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Professor Vincenzo Di Marzo Presents Krill Oil Benefits Fat Metabolism at A4M

  • Rejuvenation Science® extended an invitation to our raw material supplier Aker Biomarine to coordinate a speaker at the 2011 American Academy of Anti-Aging Medicine (A4M) 19th Annual World Congress on Anti-Aging and Biomedical Technologies in Orlando, FL.
  • On April 7, 2011, Professor Vincenzo Di Marzo presented "Effects of Krill Oil Supplementation on the Endocannabinoid System." He discussed how krill oil benefits fat metabolism.
  • An audience of about 200 physicians attended the presentation and many joined us for further discussion during the reception later in our booth.
  • Concluding with his recent unpublished study, Dr. Di Marzo discussed how prolonged dietary krill oil lowers plasma anandamide and TG levels in obese human males. Body measures included a 3% reduction in: abdominal fat, waist/hip ratio, and total body fat, accompanied by a 1% increase in muscle mass by the end of this 24 week study. Rejuvenation Science® Biom3ga Krill Oil provides the exact formulation used in this human study.


Omega-3 PUFAs ameliorate metabolic risk factors for cardiovascular disease. We investigated the effects of dietary omega-3 supplementation, given as krill oil, on metabolic parameters in two animal models and a human clinical study. Results show dietary krill oil significantly reduces peripheral vs. central endocannabinoid (EC) overactivity in obesity and might represent a much safer approach than CB1 antagonists to counteract the life-threatening metabolic disturbances that are caused in part by EC dysregulation in organs controlling energy metabolism.


The endocannabinoid (EC) system is comprised of a group of lipids (fats) and receptors that act within the nervous system to help modulate a number of physiological processes including appetite and mood. Obese persons have elevated levels of plasma ECs compared to healthy weight individuals. In one recent human study, healthy weight, overweight, and obese subjects were given two grams of krill oil, fish oil, or olive oil per day for four weeks. The findings demonstrated for the first time that when given in the form of krill oil, a relatively low dose of phospholipid-based omega-3 fatty acids have beneficial effects on EC levels in obese persons.

These conclusions are especially interesting as they confirm previous outcomes with krill oil in obese animals.A research team at the University of Salento, Lecce, Italy, recently published a study of the effects of krill oil on the lipid metabolism in rats. The animals were treated for 6 weeks with diets containing 2.5% krill oil or 2.5% fish oil, or a control diet without supplementation of omega-3 fatty acids. The study revealed fat-lowering effects from the omega-3 supplements, confirming that the phospholipid-based omega-3 fatty acids found in krill oil are effective in reducing liver triglyceride and cholesterol levels. Krill oil reduced liver triglycerides by 20% compared to 10% in the fish oil group. In addition, cholesterol levels were decreased by 33% (krill oil) and 21% (fish oil).

According to Nils Hoem, PhD, Chief Scientist at Aker BioMarine, “Changes in endocannabinoid levels may be an important factor involved in potential long-term health issues, including metabolic syndrome. It is important to note that the study suggests that the phospholipid form of omega-3 fatty acids found in krill oil was responsible for the beneficial effects observed.”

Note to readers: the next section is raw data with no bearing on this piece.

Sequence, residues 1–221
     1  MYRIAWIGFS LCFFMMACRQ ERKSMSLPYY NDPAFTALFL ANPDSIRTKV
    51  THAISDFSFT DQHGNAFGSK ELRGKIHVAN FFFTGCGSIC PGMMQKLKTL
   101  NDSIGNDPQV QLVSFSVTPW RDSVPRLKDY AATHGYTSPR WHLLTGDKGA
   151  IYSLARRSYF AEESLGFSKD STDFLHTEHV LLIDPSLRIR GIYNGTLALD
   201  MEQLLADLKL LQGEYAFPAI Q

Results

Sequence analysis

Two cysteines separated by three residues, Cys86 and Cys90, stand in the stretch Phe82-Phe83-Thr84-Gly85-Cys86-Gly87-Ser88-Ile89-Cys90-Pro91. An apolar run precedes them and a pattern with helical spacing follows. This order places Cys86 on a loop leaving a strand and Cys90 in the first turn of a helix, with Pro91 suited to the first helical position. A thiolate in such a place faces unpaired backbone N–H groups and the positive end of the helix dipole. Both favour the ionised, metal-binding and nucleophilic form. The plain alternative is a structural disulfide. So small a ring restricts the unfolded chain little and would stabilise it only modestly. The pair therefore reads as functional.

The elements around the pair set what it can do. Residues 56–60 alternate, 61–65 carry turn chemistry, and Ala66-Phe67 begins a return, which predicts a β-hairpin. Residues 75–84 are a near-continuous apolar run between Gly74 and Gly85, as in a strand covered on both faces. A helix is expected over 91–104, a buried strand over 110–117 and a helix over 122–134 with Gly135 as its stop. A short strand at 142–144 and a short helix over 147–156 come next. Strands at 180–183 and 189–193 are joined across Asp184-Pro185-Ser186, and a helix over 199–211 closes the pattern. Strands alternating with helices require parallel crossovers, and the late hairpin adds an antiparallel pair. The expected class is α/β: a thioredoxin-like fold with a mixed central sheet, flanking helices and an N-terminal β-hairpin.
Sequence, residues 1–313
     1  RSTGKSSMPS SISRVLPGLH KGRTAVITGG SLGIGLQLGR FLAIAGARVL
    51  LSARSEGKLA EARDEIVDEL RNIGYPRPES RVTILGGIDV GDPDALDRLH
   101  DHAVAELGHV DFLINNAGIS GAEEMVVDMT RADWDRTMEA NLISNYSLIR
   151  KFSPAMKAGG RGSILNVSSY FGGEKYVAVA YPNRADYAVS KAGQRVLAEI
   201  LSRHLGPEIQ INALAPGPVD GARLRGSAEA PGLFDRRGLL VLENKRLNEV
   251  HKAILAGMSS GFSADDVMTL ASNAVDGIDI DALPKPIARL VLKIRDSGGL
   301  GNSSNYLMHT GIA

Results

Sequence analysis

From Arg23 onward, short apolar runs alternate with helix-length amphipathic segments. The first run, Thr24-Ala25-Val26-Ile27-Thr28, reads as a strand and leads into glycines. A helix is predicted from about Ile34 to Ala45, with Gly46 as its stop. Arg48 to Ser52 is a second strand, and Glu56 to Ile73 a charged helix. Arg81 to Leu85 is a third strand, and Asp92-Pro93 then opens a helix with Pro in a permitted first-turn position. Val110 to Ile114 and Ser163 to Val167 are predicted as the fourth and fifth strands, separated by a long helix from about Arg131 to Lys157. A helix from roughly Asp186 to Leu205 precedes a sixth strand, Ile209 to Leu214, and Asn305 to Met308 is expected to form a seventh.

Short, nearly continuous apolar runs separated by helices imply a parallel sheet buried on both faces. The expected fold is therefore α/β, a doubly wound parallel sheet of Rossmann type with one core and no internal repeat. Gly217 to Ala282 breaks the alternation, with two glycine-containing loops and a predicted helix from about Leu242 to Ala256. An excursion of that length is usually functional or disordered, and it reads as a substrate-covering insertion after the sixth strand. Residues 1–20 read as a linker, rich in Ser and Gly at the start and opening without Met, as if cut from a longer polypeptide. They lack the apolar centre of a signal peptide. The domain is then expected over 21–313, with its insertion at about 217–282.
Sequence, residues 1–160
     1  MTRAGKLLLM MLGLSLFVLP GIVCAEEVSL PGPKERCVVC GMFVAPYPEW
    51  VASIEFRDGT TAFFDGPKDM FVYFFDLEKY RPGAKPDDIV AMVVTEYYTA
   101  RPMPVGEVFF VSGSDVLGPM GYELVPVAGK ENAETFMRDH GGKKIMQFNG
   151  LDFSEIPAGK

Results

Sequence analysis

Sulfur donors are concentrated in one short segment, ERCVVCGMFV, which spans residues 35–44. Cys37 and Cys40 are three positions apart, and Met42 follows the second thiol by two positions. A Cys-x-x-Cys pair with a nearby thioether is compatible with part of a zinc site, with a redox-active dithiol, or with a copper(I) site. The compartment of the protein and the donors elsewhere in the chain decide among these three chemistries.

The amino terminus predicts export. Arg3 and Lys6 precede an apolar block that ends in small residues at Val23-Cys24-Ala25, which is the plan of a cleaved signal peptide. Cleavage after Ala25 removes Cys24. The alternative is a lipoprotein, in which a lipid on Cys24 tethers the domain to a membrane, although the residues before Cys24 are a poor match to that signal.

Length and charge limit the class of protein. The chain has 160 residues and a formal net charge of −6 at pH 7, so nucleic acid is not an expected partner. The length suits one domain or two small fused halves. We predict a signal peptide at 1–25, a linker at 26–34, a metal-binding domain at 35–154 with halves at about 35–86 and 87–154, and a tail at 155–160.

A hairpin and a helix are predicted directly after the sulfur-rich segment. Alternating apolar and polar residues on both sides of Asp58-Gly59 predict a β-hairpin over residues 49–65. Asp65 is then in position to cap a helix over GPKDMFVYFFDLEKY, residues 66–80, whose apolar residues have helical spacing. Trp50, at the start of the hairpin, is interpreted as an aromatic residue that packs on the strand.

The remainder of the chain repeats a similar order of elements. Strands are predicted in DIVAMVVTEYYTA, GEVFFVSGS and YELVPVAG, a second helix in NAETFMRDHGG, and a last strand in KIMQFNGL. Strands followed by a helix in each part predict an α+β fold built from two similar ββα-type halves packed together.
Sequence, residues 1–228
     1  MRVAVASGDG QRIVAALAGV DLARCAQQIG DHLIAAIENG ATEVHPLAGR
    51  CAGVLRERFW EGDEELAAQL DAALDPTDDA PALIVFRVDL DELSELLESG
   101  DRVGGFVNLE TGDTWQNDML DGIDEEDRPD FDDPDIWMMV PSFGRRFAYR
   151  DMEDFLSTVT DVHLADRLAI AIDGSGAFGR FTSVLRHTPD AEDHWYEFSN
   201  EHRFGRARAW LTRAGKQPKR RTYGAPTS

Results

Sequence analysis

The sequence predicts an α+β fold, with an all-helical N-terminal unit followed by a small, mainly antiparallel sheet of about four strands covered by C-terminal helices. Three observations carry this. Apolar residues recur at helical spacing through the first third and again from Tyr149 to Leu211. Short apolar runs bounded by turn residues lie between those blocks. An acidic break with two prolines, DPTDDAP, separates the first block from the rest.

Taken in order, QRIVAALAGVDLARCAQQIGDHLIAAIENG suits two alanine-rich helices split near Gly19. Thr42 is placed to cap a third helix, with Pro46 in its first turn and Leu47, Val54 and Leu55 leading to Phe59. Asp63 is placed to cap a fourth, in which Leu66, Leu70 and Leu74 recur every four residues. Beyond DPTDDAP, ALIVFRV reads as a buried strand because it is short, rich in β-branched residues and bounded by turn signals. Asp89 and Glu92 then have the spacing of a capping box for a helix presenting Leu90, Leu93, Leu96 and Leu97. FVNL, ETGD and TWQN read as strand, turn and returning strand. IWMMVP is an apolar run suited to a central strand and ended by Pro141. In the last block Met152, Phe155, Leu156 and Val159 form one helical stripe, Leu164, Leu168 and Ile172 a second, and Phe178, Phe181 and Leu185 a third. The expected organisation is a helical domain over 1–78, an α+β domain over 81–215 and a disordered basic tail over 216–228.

Concluding with his recently completed, but unpublished study, Dr. Di Marzo discussed how prolonged dietary krill oil lowers plasma anandamide and TG levels in obese males (BMI~32, n=10). Body measures included a 3% reduction in abdominal fat, waist/hip ratio, and total body fat, accompanied by a 1% increase in muscle mass by the end of this 24 week human study. Plasma changes included a 10-20% increase in various omega-3 levels, insulin levels, and a 30% decrease in TAG level.

Career Highlights

Research Director (tenure position equivalent to full professor) at the Institute of Biomolecular Chemistry, National Research Council, Naples, Italy, 2002-

Adjunct Associate Professor, Dept of Pharmacology & Toxicology, Medical College, Virginia Commonwealth University, 1999-

Coordinator of the Endocannabinoid Research Group, Naples, Italy, 1995-

Co-author of over 400 articles published in peer-reviewed journals

Editorial Boards

  • British Journal of Pharmacology, 2004-

  • Prostaglandins, Leukotrienes and Essential Fatty Acids, 2001-

  • Critical Reviews in Neuroscience, 2003-

  • Recent Patents in CNS Drug Discovery, 2006-

Dr. Di Marzo coined in 1994 the term “endocannabinoid” for endogenous agonists of cannabinoid receptors.

He also participated in the first studies on the role of the endocannabinoid system in food intake and on the anti-obesity effects of rimonabant in congenitally obese mice (Di Marzo et al., Nature, 2001).

In addition, Dr. Di Marzo put forward the hypothesis of the overactive endocannabinoid system in obesity and hyperglycemia (Di Marzo and Matias, Nat. Neurosci., 2005).

Select References

Banni, et. al., Krill oil significantly decreases 2-arachidonoylglycerol plasma levels in obese subjects.
Nutrition & Metabolism 2011, 8:7 is available online at: http://www.nutritionandmetabolism.com/content/8/1/7.

Ferramosca et al., A krill oil supplemented diet reduced the activities of the mitochondrial tricarboxylate carrier and of the cytosolic lipogenic enzymes in rats. J Anim Physiol Anim Nutr 2011, 95 (3), is available online at: http://onlinelibrary.wiley.com/doi/10.1111/j.1439-0396.2011.01135.x/abstract